In this episode, Tamás Röszer and colleagues demonstrate that breast-milk-derived alkylglycerols preserve beige adipocytes to protect against obesity.
Prevalence of obesity among infants and children below 5 years of age is rising dramatically, and early childhood obesity is a forerunner of obesity and obesity-associated diseases in adulthood. Childhood obesity is hence one of the most serious public health challenges today. Here, we have identified a mother-to-child lipid signaling that protects from obesity. We have found that breast milk–specific lipid species, so-called alkylglycerol-type (AKG-type) ether lipids, which are absent from infant formula and adult-type diets, maintain beige adipose tissue (BeAT) in the infant and impede the transformation of BeAT into lipid-storing white adipose tissue (WAT). Breast milk AKGs are metabolized by adipose tissue macrophages (ATMs) to platelet-activating factor (PAF), which ultimately activates IL-6/STAT3 signaling in adipocytes and triggers BeAT development in the infant. Accordingly, lack of AKG intake in infancy leads to a premature loss of BeAT and increases fat accumulation. AKG signaling is specific for infants and is inactivated in adulthood. However, in obese adipose tissue, ATMs regain their ability to metabolize AKGs, which reduces obesity. In summary, AKGs are specific lipid signals of breast milk that are essential for healthy adipose tissue development.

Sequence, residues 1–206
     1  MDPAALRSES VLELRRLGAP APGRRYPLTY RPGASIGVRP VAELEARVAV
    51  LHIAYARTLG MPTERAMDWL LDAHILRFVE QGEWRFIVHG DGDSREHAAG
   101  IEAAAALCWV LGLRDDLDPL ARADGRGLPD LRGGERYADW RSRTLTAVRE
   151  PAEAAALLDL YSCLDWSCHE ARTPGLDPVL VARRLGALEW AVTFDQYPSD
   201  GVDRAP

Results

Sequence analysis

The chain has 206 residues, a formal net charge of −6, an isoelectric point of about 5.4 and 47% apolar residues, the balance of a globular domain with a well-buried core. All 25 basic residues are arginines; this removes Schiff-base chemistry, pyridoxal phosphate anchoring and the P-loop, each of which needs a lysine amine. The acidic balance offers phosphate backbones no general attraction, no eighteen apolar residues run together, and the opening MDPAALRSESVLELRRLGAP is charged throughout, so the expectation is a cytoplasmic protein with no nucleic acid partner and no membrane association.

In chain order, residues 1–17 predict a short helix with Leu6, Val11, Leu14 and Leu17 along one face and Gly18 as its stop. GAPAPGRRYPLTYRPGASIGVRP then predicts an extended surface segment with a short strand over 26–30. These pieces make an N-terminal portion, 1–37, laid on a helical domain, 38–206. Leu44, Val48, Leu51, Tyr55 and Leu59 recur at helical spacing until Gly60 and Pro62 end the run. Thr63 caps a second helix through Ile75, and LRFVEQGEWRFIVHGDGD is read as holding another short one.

Haidong Yu, Sedat Dilbaz, Jonas Coßmann, Anh Cuong Hoang, Victoria Diedrich, Annika Herwig, Akiko Harauma, Yukino Hoshi, Toru Moriguchi, Kathrin Landgraf, Antje Körner, Christina Lucas, Susanne Brodesser, Lajos Balogh, Julianna Thuróczy, Gopal Karemore, Michael Scott Kuefner, Edwards A. Park, Christine Rapp, Jeffrey Bryant Travers, Tamás Röszer